Restoring True Beauty

By: Monsignor Bradley Offutt
Chancellor of the Diocese of Kansas City-St. Joseph.

 Monsignor Bradley Offutt
Chancellor
Diocese of Kansas City-St. Joseph.

There is a little known, though remarkable, building on the corner of 8th and Cherry streets in downtown Kansas City. For all of its 133 years, the building has been called Saint Patrick Church and it is undergoing yet another renascence these days. Bishop Finn took stock of the venerable old place some time back and determined that to save Saint Patrick from creeping dereliction, and to answer the long hopes of the "Traditional" Catholic community in our Diocese, he would offer Saint Patrick to the Latin Mass folks as a permanent home if they would undertake its renovation. The leadership of that community took-up the Bishop's offer with an astonishing alacrity. As they put their shoulders into the hard work of wresting old Saint Patrick from the claws of urban decay it became crystal clear that the church would need a complete refurnishing if it was to meet its new (and old) purpose.

Toward that end I telephonically scoured the country looking for bargains to stuff into old Saint Patrick. Eventually I landed in Boston where as lovely a Christian lady as one could ever find motored me from one closed church to another. Every one of them was a grand edifice sadly moldering in the New England winter. The parochial life had drained out of them until they had become like ecclesiastical carrion waiting for buzzards like me to pick them clean of their treasures. Truth to tell, my journey had not been successful until my Boston tour guide led me to a shuttered church called Saint Mary Star of the Sea. Then, as the doors creaked open and we nimbled up a cobwebbed iron staircase, a feeling descended upon me. I turned the corner to spy yet another sanctuary full of Boston detritus and thought to myself, "This is it." Fortunately, Bishop Finn and the Institute of Christ the King, the religious community that ably pastors the Latin language community in our Diocese, agreed. Arrangements were quickly made to dismantle and transport thirty-three thousand pounds of donated marble church furniture from Beantown to Cowtown.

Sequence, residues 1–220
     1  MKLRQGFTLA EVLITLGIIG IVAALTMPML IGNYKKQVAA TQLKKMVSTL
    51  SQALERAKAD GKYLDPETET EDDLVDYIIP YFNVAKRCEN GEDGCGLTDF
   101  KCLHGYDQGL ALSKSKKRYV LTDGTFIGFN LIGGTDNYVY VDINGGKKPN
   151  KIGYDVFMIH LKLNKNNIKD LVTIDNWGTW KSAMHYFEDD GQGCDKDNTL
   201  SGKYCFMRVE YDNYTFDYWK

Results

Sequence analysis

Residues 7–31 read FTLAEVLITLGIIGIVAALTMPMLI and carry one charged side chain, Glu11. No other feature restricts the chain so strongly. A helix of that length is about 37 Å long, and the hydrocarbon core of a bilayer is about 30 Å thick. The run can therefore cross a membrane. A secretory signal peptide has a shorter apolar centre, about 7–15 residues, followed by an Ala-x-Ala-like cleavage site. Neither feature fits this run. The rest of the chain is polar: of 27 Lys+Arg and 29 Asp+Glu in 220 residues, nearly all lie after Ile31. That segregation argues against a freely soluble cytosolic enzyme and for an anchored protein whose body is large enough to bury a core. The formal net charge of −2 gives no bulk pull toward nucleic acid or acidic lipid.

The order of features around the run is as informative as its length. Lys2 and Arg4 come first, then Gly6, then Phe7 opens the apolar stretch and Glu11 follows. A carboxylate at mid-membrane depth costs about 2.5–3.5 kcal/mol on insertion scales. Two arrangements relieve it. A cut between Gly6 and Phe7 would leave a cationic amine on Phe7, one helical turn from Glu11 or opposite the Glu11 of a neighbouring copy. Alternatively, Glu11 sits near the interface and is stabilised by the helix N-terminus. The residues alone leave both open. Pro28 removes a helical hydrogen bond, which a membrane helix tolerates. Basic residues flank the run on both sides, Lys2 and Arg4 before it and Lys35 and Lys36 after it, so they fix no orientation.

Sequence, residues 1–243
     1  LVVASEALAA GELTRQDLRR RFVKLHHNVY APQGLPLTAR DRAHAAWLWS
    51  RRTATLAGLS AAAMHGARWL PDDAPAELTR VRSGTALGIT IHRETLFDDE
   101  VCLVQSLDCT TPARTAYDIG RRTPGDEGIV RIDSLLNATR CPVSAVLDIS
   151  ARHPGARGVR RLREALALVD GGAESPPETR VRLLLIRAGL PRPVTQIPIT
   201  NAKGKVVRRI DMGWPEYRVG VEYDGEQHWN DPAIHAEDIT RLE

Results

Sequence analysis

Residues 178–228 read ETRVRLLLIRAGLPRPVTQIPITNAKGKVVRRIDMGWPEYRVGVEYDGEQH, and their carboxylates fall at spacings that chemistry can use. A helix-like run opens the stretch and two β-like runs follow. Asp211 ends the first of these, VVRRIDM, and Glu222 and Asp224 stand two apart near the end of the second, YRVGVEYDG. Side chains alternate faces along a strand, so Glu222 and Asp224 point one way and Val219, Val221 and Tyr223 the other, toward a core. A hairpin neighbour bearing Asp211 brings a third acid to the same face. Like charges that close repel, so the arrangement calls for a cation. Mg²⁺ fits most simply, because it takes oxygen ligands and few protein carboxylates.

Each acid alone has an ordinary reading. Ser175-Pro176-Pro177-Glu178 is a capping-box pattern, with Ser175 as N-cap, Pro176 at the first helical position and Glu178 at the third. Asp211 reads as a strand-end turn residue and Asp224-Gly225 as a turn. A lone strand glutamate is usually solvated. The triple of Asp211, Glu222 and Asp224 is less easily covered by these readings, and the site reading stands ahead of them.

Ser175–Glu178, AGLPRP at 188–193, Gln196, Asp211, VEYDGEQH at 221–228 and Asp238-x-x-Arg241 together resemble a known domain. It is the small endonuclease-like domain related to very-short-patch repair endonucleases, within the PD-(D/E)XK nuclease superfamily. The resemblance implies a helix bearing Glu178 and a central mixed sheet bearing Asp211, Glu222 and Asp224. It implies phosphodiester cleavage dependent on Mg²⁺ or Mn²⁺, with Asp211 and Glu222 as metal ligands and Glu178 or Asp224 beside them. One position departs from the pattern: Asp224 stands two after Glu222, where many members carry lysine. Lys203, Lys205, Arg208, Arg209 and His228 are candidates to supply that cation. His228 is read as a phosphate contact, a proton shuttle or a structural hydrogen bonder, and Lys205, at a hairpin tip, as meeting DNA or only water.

All that transpired over two years ago. Since then a small army of extraordinarily dedicated Catholics have poured buckets full of sweat and money into old Saint Patrick. One of their most recent accomplishments is the reconstruction of the aforementioned Boston altars in their Kansas City church. On a recent sunny Sunday morning I was in that church, alone, walking around and looking for problems. I found a few small ones which will be easily remedied. But as I admired that reborn main altar, gleaming white and gold in the Midwestern morning light, its wide-eyed angels smiling at me from twenty feet in the air, I contemplated a larger and different problem. I considered the artful talent it took to conceive and build such fine liturgical hardware. I thought of the considerable grit it took for Boston Catholics to purchase it so long ago and for Kansas City Catholics to rescue it today. And for all the beauty of the seventeen tons of fairly dramatic history sitting fresh and square before me, I thought of how your faith, and my faith, is alloyed with a hubris that makes our piety like a morning cloud, like dew that passes away.

Given the complexity of life, and the inevitable distance between experience and understanding, reasonable people can well enough see why piety soon yields to practical problem solving. But blessed are the people who come to sense that their piety and their problems are not mutually exclusive. In fact, they can be very much the same thing. Insofar as we learn to baptize our challenges, to dissolve the distance between religion and the rest of life, we learn the meaning of the words, "I desire mercy, not sacrifice."

Like everything else under the sun, the religious dimension of life is prone to drudgery. Our preoccupations and prejudices pull external observance into droll obligation until it all obtains a patina not so unlike a museum exhibit. This is what Hosea and Jesus protest in the readings this weekend.